Saturday, March 14, 2009

Here I Am

Apple Tree in Winter
Hi Victoria!

I just made the Zuni chicken. I think Olivia and my heads exploded; it was THE BEST CHICKEN I have eaten. Did marjoram and thyme and a smidge of rosemary and the cast iron skillet. Came out amazing. Thanks again for the great cookbook.

I don't think Christopher will mind my sharing his email with you. If there's anything better than Zuni chicken, I don't know what it is.

And it's a great way to get back in the swing of writing Zuni.

I've recovered completely from my surgery in November, got a totally clean bill of health after recent follow-up tests, and am ready to come here on a regular basis again.

So if you've stuck with me for all this time and know I've written this post, thank you. I owe you one. It's a little out of order, but here it is.

Spring is (probably) going to arrive soon in the Northeast, and I will be especially glad to see it arrive this year. And once it does, summer

with all its fabulous garden bounty is not far behind.

In late August and early September, there are tomatoes bright red and bursting with flavor ready to be picked from the garden.

The last of the zucchini and cucumbers make their appearance, and you might even be able to find an eggplant or two if you look hard enough.

But even if the days are hot and sunny, and a gin and tonic on the porch at 5:00 o'clock is still a treat, there is an unmistakable sense that fall is bound to make its appearance sooner rather than later.

And nothing makes me realize that more than the apple tree.

All of a sudden it's laden with fruit, and the air is heady with its fragrance. In a little while the Italian prune plums will hit the farm stands. Before the pumpkins show up, there will be butternut squash and turnips. Pureed potatoes, heavy with cream, come to mind. And roast loin of pork, which I haven't thought about for three months, generally tops the list of what I want to make as soon as turning the oven on actually becomes an option.

And really, does anything sound better in the fall than homegrown, homemade applesauce?

I don't think so.

Up until now, I've made delicious applesauce from a Marion Cunningham recipe in The Fanny Farmer Cookbook, which is the book I turn to whenever I need a basic recipe. It's not that I don't like The Joy of Cooking. It was my first cookbook, after all, and I learned a lot of indispensable basics by reading it. But I have those under my belt now, and as I'm rarely planning to cook something as obscure as a possum, which is one reason to have Joy on the shelf, Fanny Farmer usually has what I'm looking for.

And applesauce was no exception.

But once again I'm discovering as I cook my way through Zuni, old habits are changing, and new recipes are becoming instant favorites.

This one is another keeper.

Roasted Applesauce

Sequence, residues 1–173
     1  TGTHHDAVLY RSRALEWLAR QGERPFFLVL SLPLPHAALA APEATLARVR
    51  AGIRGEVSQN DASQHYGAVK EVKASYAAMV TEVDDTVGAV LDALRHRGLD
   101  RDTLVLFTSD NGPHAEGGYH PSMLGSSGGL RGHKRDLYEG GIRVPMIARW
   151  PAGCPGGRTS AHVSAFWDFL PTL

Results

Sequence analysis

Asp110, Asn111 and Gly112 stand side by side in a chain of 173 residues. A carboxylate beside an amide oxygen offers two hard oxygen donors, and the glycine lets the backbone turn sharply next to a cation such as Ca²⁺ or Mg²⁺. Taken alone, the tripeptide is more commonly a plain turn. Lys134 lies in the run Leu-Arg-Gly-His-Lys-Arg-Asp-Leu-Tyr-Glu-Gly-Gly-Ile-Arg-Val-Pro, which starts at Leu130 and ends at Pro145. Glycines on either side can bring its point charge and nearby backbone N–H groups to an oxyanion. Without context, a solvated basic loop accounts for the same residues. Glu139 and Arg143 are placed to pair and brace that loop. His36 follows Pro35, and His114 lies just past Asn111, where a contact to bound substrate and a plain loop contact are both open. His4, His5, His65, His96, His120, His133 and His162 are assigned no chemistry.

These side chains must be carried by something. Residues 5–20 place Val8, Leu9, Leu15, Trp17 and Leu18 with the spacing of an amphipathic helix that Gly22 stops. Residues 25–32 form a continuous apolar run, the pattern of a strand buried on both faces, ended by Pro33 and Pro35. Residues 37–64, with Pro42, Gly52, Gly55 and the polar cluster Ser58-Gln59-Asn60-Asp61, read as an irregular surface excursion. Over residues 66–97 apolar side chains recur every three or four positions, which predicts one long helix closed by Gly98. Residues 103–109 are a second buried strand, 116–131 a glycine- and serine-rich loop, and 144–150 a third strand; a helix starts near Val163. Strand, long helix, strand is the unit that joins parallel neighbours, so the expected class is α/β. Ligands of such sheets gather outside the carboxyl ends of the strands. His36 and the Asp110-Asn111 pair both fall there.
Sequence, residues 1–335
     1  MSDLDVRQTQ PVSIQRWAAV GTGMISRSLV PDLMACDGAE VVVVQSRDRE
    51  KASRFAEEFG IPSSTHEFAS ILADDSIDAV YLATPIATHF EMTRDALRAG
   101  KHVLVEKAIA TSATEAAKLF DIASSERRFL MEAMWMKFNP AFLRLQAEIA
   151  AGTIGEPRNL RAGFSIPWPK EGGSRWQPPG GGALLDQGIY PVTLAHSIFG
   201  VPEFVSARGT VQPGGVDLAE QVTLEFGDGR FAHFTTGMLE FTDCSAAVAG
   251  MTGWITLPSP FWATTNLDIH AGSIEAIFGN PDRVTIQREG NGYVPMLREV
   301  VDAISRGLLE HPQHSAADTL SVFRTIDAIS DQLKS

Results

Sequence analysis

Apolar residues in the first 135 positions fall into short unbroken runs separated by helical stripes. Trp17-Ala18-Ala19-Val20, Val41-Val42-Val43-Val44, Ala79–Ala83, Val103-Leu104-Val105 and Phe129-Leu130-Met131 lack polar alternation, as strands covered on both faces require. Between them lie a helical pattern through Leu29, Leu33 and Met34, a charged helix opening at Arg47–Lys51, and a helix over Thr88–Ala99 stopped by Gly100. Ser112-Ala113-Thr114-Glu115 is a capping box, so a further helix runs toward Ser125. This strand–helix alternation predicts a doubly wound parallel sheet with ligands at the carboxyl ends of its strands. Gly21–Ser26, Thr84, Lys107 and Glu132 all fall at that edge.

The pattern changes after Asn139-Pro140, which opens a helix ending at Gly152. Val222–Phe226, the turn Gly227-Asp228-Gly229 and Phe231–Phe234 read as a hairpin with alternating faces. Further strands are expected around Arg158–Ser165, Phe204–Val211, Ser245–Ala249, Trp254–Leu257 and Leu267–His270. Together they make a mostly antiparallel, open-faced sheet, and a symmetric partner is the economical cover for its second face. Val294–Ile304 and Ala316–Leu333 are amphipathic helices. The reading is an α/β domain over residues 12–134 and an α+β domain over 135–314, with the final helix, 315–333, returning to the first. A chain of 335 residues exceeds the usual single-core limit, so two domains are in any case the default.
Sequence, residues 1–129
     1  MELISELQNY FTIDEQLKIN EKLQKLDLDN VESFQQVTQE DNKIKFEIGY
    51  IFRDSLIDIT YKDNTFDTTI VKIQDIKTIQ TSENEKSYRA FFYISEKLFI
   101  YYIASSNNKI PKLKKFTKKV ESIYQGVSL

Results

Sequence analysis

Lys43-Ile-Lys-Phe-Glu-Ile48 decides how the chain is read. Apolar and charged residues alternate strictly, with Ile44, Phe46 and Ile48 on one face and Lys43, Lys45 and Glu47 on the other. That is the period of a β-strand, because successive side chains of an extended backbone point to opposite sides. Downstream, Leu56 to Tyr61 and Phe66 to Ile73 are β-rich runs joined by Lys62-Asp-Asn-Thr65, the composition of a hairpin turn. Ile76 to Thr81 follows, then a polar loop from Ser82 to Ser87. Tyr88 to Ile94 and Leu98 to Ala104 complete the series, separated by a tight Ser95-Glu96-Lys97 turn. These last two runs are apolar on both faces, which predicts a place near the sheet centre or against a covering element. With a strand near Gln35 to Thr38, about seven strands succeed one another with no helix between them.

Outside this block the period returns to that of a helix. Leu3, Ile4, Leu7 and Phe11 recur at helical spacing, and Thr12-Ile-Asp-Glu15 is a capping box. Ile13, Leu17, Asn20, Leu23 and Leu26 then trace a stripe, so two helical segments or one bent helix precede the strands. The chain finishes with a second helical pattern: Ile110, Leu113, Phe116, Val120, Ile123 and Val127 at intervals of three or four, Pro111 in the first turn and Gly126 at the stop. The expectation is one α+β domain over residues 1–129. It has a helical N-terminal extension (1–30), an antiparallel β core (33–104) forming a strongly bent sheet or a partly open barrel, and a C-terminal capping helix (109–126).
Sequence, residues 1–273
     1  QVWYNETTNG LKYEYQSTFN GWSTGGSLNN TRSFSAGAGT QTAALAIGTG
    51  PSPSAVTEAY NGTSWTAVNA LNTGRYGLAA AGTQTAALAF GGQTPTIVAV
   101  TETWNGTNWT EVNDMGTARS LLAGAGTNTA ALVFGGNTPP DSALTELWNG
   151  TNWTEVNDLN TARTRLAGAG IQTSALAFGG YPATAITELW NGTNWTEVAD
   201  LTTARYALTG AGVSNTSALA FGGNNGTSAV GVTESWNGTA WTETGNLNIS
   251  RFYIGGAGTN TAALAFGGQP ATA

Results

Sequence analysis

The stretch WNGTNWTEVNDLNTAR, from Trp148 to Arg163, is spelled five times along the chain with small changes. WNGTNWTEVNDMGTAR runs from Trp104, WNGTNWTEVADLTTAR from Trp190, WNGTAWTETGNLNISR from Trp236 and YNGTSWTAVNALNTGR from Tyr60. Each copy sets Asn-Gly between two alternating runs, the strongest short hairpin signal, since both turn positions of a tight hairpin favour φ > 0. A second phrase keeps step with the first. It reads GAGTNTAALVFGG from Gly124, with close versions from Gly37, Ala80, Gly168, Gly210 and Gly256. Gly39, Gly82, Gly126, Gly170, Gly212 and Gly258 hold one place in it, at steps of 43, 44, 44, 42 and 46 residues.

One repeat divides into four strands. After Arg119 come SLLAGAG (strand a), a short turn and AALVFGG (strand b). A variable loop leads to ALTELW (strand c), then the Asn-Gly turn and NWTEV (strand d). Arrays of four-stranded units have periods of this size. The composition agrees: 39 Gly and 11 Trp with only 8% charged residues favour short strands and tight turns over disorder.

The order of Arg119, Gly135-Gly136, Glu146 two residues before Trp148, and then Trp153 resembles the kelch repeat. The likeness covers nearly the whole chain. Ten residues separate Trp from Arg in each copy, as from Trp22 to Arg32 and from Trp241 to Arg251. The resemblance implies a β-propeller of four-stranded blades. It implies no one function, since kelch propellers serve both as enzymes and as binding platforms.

Vegetables, Savory Fruit Dishes, Pickles & Preserves, Page 260

I peeled,

cored, and quartered the apples, tossed them with a little salt, and added about a teaspoon of sugar.

Then I spread them on a baking sheet

after which I dotted them with slivers of unsalted butter.

The pan was covered tightly with aluminum foil and baked in a preheated 350 degree oven for about 20 minutes.

The pan was taken out of the oven, and the foil was removed.

The oven temp was raised to 500 degrees, which in the country is about as hot as it gets without broiling, since I cook with propane there.

The pan went back in the oven for about 10 minutes. When the apples were barely soft, I removed the pan, put the apples in a bowl, and mashed them lightly because the apples should be chunky.

(Remember, it's not DelMonte.)

Finally, I seasoned the apples with a little salt and a drop of apple cider vinegar.

This applesauce is not something you would want to eat on top of warm, treacle-y gingerbread, but it was definitely delicious with a thick Zuni pork chop, tomatoes in a light vinaigrette, Zuni creamed corn, and green and yellow wax beans fresh from the garden, cooked quickly in lots of salted water then tossed with butter.

And keeping me company, as usual, was my buddy, Sylvano.


cookitalian said...

Great Applesauce recipe! Is your cat a Silver Ocicat?

AnticiPlate said...

I just got this cookbook on Molly Wizenberg's recommendation. Keep those recipes coming!

EB said...

so glad you're back hun

Sheila said...

Welcome back.

I look forward to your next Zuni recipe experience.

Michael said...

Welcome back! I got the Zuni cookbook over the holidays and am looking forward to following along.

Valli Feldman said...

Do you leave the pan uncovered when you return it to the oven at 500 deg?

Victoria said...


Yes. Food52 posted the recipe in its Genius series.